Research Article | Open Access
Ngonda Saasa, King Shimumbo Nalubamba, Ethel M’kandawire, Joyce Siwila, "Seroprevalence of Canine Parvovirus in Dogs in Lusaka District, Zambia", Journal of Veterinary Medicine, vol. 2016, Article ID 9781357, 4 pages, 2016. https://doi.org/10.1155/2016/9781357
Seroprevalence of Canine Parvovirus in Dogs in Lusaka District, Zambia
Canine parvovirus (CPV) enteritis is a highly contagious enteric disease of young dogs. Limited studies have been done in Zambia to investigate the prevalence of CPV in dogs. Blood was collected from dogs from three veterinary clinics (clinic samples, ) and one township of Lusaka (field samples, ). Each dog’s age, sex, breed, and vaccination status were recorded. A haemagglutination assay using pig erythrocytes and modified live parvovirus vaccine as the antigen was used. Antibodies to CPV were detected in 100% of dogs (unvaccinated or vaccinated). The titres ranged from 160 to 10240 with a median of 1280. Vaccinated dogs had significantly higher antibody titres compared to unvaccinated (). There was a significant difference in titres of clinic samples compared to field samples () but not within breed () or sex (). Multiple regression analysis showed that only age and vaccination status were significant predictors of antibody titres. The presence of antibody in all dogs suggests that the CPV infection is ubiquitous and the disease is endemic, hence the need for research to determine the protection conferred by vaccination and natural exposure to the virus under local conditions.
Canine parvovirus (CPV) is a major cause of morbidity and mortality in dogs worldwide. Infection with CPV results in a highly contagious enteric disease affecting mainly young naïve dogs or may result from vaccination failure due to maternal antibody interference . Three antigenic variants, CPV-2a, CPV-2b, and CPV-2c, that differ by single amino acid residues of the VP2 capsid protein have so far been identified [1–3]. The clinical signs of CPV infection range from mild to severe foul-smelling haemorrhagic enteritis, fever, vomiting, and often death in severe cases . Transmission of the parvovirus is most commonly through the faecal-oral route via contaminated food and water and the environment . After being ingested, a viraemia develops with subsequent spread throughout the small intestines. The stability of the virus when shed in the environment promotes the spread through indirect transmission. Apart from domestic dogs, the virus has also been detected in several other species such as wild dogs and lions .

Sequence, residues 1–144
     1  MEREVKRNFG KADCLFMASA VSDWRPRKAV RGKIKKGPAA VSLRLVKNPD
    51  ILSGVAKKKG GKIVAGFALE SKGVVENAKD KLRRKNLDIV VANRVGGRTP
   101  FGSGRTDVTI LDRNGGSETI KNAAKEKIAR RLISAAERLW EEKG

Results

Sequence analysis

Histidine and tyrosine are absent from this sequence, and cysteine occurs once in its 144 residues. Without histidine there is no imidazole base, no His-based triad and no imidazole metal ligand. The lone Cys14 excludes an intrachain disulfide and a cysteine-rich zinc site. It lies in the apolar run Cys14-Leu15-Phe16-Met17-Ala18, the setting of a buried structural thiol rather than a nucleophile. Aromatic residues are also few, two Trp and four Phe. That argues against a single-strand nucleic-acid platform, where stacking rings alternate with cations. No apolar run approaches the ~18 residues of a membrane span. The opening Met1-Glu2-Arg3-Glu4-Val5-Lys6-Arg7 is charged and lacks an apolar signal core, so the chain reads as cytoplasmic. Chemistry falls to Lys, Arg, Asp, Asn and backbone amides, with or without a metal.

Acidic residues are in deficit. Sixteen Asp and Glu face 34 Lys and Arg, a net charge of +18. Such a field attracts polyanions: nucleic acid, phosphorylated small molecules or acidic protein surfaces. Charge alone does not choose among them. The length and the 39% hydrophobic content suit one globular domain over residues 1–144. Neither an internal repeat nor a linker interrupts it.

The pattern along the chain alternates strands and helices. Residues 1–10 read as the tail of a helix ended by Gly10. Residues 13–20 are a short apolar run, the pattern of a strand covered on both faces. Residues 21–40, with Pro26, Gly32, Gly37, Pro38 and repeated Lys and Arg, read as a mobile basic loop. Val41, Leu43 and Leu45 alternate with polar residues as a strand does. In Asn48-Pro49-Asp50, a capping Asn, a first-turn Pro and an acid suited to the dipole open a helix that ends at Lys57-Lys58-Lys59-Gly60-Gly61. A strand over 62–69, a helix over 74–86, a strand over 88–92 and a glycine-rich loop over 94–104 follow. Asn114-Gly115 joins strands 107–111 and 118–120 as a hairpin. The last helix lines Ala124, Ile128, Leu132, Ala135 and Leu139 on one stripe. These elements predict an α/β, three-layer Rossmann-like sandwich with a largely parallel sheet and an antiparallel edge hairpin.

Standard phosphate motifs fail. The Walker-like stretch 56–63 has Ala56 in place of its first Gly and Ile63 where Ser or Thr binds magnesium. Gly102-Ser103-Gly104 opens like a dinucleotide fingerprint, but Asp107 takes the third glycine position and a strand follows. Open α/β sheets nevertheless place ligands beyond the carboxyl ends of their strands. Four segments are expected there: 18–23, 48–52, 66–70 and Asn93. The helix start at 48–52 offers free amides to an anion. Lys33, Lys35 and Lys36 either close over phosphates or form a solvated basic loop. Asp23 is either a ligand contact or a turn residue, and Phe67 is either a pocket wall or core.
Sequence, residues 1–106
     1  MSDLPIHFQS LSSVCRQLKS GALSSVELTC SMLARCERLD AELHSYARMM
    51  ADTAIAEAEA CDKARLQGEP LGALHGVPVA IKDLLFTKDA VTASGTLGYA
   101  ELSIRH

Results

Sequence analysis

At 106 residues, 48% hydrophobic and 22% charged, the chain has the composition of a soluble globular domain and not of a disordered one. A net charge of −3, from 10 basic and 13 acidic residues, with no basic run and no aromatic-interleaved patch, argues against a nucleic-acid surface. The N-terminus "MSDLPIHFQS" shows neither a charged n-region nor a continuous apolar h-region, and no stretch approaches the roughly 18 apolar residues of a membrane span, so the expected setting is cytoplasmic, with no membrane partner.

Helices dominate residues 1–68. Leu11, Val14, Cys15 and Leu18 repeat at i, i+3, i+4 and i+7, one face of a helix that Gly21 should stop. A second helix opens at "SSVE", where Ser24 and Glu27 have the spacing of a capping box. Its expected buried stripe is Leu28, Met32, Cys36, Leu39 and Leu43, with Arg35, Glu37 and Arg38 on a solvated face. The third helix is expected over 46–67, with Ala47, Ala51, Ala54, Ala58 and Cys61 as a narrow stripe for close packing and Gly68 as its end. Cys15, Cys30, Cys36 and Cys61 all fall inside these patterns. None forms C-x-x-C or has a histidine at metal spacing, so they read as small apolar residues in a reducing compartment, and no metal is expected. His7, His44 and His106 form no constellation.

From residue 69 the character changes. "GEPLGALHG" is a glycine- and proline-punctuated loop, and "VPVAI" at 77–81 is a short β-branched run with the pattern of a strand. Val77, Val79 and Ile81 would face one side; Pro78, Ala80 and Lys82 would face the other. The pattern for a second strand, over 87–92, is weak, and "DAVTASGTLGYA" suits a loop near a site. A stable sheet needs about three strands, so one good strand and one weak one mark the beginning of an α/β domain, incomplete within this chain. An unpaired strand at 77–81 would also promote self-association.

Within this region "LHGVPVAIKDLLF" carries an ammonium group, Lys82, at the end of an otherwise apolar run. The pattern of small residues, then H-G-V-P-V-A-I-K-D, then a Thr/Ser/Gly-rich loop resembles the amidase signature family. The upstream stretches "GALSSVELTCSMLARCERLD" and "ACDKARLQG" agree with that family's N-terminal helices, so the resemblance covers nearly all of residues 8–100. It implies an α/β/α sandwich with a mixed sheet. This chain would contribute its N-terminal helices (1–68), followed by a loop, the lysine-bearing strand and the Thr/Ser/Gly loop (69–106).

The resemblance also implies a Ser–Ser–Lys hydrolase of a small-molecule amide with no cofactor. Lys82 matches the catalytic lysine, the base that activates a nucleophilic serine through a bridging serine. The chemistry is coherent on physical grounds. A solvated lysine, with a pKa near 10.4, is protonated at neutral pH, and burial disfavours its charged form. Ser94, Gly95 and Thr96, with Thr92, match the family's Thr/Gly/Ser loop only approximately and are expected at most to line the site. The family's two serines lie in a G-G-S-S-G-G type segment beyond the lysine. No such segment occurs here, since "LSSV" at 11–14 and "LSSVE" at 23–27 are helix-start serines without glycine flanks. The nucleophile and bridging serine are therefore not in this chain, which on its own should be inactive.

In Zambia, limited studies have been conducted to determine the prevalence of CPV in dogs. Only a single study found exposure of wild carnivores to CPV although no domestic dogs were examined . There is also no study that has been conducted to evaluate the effectiveness of the vaccination or whether the dogs are protected or not. The majority of cases reported as being attributed to CPV by veterinary surgeons are based purely on clinical presentation since confirmatory diagnostic tests such as SNAP® tests and PCR are rarely done. Vaccination against CPV is routinely done using Vanguard Plus-CPV-2 strain NL-35-D vaccine (Pfizer) containing a monovalent modified live parvovirus which is given at 6 weeks of age. In addition, a multivalent preparation Vanguard Plus-5L containing canine distemper (CD) virus, canine adenovirus type 1 (CAV-1), canine adenovirus type 2 (CAV-2), canine parainfluenza (CPI) virus, canine parvovirus (CPV), and Leptospira antigens is also used.
The majority of dogs in high density communities are either free-roaming or semistray. These dogs receive minimal prophylactic or therapeutic veterinary care. The disease status of these free-roaming dogs is usually not known, nor is the history of previous exposure to common infections. Although the CPV cases in dogs (based on clinical presentation) have been reported in several veterinary clinics in Zambia, no seroprevalence study has yet been conducted to establish the extent of CPV exposure among dogs in Zambia. Therefore, the aim of this study was to provide information on the prevalence of antibodies to CPV in the dog population of Lusaka district in Zambia.
2. Materials and Methods
2.1. Study Area, Design, and Sampling